Carlos Tunnermann, coordinator of the Civic Alliance: Receiving the Commission “is of inevitable compliance”.
To reject the high-level diplomats, “would be a very serious mistake of the regime,” and would pave the way to be suspended from the OAS.
By Juan Carlos Bow (Confidencial)
HAVANA TIMES – The Organization of American States (OAS) has taken almost two months to move towards the formation of a high-level diplomatic commission to address the crisis of Nicaragua. Once formed “It would be a serious mistake,” of the Ortega government not to receive this delegation, warns the former diplomat and Coordinator of the Civic Alliance, Carlos Tunnermann Bernheim.
The creation of this commission was a mandate of the OAS General Assembly—the highest instance of the regional organization–, which took place at the end of last June in Medellin, Colombia. But it was until last Friday that it became known that the delegation will possibly be composed of a representative from the United States, Canada, Argentina, Jamaica and Paraguay.
The approval of this group will be discussed on Wednesday of this week, when the OAS Permanent Council meets, which will once again have the Nicaraguan crisis on its agenda. The high-level commission will be required to submit a report on the situation in Nicaragua, within a maximum period of 75 days, as approved by the foreign ministers in Medellin.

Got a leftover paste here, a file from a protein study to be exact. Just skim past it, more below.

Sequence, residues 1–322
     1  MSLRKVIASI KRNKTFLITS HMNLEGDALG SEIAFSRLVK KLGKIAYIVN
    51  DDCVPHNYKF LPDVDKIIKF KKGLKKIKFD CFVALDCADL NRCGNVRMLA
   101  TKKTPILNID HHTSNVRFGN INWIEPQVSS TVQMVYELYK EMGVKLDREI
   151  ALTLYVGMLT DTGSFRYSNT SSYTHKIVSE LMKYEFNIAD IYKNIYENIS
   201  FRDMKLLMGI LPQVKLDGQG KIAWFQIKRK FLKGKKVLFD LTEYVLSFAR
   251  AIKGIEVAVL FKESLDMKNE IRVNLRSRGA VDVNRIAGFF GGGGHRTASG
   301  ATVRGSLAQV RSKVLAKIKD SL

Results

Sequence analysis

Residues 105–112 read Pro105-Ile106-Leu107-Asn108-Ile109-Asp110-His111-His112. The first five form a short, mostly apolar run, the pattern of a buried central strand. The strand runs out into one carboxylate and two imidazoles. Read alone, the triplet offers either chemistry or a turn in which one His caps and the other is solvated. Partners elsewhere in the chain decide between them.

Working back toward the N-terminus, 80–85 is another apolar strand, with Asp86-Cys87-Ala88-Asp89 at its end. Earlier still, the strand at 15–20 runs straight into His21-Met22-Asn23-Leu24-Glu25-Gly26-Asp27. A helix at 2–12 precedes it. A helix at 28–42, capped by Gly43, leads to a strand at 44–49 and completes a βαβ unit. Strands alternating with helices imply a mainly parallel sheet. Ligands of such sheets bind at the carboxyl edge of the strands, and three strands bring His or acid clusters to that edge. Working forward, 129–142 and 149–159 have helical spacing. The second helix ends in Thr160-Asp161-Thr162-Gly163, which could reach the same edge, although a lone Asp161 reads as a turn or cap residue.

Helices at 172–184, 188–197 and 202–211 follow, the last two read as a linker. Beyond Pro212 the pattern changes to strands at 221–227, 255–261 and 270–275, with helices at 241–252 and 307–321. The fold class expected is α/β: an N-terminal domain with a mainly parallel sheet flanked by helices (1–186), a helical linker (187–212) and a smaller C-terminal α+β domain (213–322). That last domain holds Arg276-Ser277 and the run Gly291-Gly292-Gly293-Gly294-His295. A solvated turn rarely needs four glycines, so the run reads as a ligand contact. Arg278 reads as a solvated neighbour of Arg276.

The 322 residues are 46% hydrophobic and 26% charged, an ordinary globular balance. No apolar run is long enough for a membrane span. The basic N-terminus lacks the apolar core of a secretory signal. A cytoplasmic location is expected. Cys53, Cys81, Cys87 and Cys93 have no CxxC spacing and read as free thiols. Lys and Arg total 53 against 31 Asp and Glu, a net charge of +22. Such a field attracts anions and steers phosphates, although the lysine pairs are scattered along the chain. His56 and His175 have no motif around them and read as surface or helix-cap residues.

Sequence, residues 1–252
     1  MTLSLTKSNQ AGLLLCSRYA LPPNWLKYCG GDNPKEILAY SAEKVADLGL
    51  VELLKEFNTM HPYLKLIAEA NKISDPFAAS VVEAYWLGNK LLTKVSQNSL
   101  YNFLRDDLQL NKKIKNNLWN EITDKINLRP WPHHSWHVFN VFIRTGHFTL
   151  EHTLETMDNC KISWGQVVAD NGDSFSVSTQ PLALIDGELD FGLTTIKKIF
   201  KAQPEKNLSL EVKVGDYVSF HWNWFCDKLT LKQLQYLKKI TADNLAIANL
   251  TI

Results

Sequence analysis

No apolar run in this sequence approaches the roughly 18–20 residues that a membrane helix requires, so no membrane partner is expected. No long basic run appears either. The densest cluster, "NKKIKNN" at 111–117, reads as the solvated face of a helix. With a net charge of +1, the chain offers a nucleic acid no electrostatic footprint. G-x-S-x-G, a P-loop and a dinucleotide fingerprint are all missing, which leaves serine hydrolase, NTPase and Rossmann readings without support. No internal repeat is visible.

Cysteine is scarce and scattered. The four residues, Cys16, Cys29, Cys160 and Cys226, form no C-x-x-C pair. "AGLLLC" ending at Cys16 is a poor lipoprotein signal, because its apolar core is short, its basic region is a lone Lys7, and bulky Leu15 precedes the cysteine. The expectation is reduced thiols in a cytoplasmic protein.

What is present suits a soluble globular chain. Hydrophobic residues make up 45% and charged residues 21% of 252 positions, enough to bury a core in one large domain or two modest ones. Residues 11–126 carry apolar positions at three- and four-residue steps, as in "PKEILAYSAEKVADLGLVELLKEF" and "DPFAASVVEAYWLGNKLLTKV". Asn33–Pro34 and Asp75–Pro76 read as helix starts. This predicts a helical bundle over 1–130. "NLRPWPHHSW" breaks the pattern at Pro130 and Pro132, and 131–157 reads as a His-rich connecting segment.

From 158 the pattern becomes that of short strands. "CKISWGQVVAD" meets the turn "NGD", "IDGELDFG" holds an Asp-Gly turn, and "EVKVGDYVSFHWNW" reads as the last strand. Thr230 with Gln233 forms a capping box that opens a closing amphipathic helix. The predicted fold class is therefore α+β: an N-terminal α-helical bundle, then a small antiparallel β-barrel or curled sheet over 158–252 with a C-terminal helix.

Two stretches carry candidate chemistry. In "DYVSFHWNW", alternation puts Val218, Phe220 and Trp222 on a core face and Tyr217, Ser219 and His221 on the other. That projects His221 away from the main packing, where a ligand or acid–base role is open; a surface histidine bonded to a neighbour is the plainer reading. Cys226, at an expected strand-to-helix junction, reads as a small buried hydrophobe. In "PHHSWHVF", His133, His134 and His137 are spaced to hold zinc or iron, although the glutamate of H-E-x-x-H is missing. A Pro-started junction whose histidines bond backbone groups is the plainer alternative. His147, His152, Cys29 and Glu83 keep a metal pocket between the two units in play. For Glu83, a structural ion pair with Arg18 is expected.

“The most erroneous decision that Ortega could make would be to reject (the commission); if he rejects it, the application of article 21 of the Democratic Charter would come,” Tunnermann said, during an interview on the program “Esta Semana” (This Week). This article establishes the suspension of a member state of the regional body.
The Ortega government has not allowed the entry into the country of an OAS Working Group, which is made up of 12 countries and was approved by the Permanent Council in August of 2018. However, Tunnermann notes that not accepting the high-level commission “would show contempt for the entire Organization of American States, including the Caribbean countries that have mostly abstained,” from voting against Nicaragua.
Next Wednesday the OAS Permanent Council will meet to confirm the high-level diplomatic commission. What does the Alliance expect from that commission and the efforts of the OAS?
According to what was approved in Medellin, with 22 votes in favor, this commission has the purpose of urging the Government and the Civic Alliance to resume the negotiating table. For our part, we are willing to do so. We did not cancel the negotiating table, we suspended our assistance, in circumstances that warranted our withdrawal in protest, for the murder of Eddy Montes in prison; and because there was a preliminary commitment that the political prisoners on the reconciled list would leave in May.
We were there up to May 20 and at that time not a single prisoner was out, consequently we said that we suspended our assistance, but we did not withdraw from the negotiating table for those reasons.
What does the Alliance expect from the dialogue between the commission (of the OAS) and Ortega? You say that the Alliance is ready to negotiate, but Ortega closed the negotiation.